Some organic farmers are protesting a new grading system for produce and flowers that's coming into force at Whole Foods. They say it devalues the organic label and could become an "existential threat."

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7:23pm

Thu June 11, 2015
Goats and Soda

How Little Red Dots Could Help Women And Babies Stay Healthy

Originally published on Fri June 12, 2015 12:08 pm

This bindi is coated with 100 percent of the daily recommended allowance for iodine.
Courtesy of Grey Group

In the rural pockets of India, a lifesaving device may be hidden in plain sight.

Across the country, it's not uncommon to see women sporting a small dot on their foreheads between their eyebrows. The mark is known as a bindi. And it's a Hindu tradition that dates to the third and fourth centuries.

The bindi is traditionally worn by women for religious purposes or to indicate that they're married. But today the bindi has also become popular among women of all ages, as a beauty mark. And it comes in all colors, shapes and sizes.

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4:37pm

Thu June 11, 2015
Shots - Health News

Should Tanning Bed Warnings Take A Cue From Graphic Cigarette Labels?

Originally published on Fri June 12, 2015 12:13 am

The FDA requires tanning machines to bear a label explaining the risks, but the messages are not particularly attention-grabbing.
iStockphoto

Young white women like indoor tanning a lot.

Nearly a quarter of them hit a tanning bed in the past year. (The beds are even found on many college campuses.)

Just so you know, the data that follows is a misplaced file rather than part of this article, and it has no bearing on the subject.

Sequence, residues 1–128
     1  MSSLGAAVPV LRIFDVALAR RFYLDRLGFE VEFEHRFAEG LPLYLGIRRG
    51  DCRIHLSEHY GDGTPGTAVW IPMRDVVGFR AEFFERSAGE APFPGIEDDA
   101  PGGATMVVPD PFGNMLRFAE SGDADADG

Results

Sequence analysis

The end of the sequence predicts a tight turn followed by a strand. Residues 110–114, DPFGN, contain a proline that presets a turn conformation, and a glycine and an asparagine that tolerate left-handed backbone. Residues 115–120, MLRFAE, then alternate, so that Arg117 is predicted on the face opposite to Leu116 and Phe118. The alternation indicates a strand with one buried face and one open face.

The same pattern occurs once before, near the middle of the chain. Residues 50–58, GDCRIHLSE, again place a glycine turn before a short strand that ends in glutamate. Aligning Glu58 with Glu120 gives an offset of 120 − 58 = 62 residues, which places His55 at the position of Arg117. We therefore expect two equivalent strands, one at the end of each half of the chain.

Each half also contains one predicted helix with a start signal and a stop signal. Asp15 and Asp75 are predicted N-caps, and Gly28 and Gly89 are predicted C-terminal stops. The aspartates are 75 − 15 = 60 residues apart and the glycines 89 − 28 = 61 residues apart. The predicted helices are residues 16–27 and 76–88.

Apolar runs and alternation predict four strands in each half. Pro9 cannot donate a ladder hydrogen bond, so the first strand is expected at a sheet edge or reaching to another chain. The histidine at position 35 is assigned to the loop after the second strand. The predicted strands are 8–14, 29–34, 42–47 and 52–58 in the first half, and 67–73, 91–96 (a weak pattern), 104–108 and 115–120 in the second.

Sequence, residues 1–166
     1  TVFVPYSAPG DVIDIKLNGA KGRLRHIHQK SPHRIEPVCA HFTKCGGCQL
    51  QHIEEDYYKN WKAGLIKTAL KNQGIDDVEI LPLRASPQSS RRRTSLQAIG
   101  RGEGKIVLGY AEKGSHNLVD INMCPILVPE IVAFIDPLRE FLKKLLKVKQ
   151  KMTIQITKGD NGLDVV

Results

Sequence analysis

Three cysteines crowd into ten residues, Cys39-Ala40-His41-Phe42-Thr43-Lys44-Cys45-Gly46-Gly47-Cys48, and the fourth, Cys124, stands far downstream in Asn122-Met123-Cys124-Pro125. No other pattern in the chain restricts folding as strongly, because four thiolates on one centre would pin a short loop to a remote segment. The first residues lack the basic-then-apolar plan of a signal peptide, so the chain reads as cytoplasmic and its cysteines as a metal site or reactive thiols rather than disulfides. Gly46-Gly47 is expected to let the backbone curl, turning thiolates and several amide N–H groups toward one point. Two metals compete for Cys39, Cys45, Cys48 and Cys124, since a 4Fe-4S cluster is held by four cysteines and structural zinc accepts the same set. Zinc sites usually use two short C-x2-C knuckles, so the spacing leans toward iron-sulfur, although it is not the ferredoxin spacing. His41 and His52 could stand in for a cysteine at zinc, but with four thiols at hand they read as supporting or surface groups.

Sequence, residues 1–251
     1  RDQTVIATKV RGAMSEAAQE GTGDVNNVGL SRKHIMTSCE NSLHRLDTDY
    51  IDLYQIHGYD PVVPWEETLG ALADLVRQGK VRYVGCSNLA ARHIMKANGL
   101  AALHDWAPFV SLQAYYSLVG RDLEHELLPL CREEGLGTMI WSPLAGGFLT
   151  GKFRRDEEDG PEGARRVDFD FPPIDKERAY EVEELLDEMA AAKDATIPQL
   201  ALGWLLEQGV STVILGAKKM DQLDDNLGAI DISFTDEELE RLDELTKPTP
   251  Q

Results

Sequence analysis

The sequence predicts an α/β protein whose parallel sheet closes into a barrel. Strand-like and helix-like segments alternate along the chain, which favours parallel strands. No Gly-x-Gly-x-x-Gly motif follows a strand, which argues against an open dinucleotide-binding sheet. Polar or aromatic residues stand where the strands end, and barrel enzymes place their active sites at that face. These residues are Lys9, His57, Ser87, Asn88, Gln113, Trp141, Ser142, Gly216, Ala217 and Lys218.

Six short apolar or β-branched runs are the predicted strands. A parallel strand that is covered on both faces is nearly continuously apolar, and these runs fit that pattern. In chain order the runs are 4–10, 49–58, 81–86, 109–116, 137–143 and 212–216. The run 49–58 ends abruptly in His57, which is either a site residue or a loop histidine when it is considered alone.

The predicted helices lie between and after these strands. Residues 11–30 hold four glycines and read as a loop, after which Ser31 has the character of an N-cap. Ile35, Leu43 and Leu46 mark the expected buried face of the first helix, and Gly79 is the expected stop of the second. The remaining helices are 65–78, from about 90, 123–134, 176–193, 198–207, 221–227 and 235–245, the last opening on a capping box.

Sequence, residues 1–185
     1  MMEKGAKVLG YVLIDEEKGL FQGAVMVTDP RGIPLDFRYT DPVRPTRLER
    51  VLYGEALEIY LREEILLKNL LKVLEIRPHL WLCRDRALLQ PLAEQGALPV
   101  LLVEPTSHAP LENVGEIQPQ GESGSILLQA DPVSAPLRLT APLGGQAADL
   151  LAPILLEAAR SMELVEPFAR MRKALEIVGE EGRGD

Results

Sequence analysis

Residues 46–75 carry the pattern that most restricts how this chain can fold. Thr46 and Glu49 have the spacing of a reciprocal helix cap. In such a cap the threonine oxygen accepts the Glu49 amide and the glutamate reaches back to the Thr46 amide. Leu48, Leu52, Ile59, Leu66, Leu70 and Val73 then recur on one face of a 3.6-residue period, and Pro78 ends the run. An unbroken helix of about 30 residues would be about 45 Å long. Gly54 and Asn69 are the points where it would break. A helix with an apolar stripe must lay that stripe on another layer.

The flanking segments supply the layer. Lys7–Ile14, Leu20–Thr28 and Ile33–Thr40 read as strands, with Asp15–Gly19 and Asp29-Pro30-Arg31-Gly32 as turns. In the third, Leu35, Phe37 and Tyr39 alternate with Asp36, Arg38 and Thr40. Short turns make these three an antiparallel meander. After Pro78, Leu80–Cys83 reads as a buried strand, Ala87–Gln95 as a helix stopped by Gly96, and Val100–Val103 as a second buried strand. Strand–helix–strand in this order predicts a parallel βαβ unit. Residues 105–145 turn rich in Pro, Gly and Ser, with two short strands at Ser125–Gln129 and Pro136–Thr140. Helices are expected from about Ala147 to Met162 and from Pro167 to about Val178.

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4:25pm

Thu June 11, 2015
Shots - Health News

Got Water? Most Kids, Teens Don't Drink Enough

Originally published on Fri June 12, 2015 2:17 pm

Kids and teens should get two to three quarts of water per day, via food or drink, research suggests.
iStockphoto

Most American children and teenagers aren't drinking enough fluids, and that's leaving them mildly dehydrated, according to a new study. In fact, one-quarter of a broad cross-section of children ages 6 to 19 apparently don't drink any water as part of their fluid intake.

The Harvard scientists who turned up the finding were initially looking into the consumption of sugary drinks in schools and looking for ways to steer children toward water instead — a much healthier beverage.

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2:56pm

Thu June 11, 2015
The Salt

Why Is This Fisherman Selling Threatened Bluefin Tuna For $2.99 A Pound?

Originally published on Mon June 15, 2015 4:07 pm

Pacific bluefin tuna for sale for $2.99 per pound at the fish market in San Diego. That shockingly low price does not reflect the deeply threatened state of the bluefin population.
Clare Leschin-Hoar for NPR

Twenty minutes before the San Diego Tuna Harbor Dockside Market was set to open, the line was 75 people deep and starting to curl past the pier. The crowd here last Saturday didn't come for the local sand dabs or trap-caught black cod. They were bargain hunters looking to score freshly caught, whole Pacific bluefin tuna for the unbelievably low price of only $2.99 a pound.

That's less per pound for this fish — a delicacy prized for its fatty flesh, whose numbers are rapidly dwindling — than the cost of sliced turkey meat at a supermarket deli.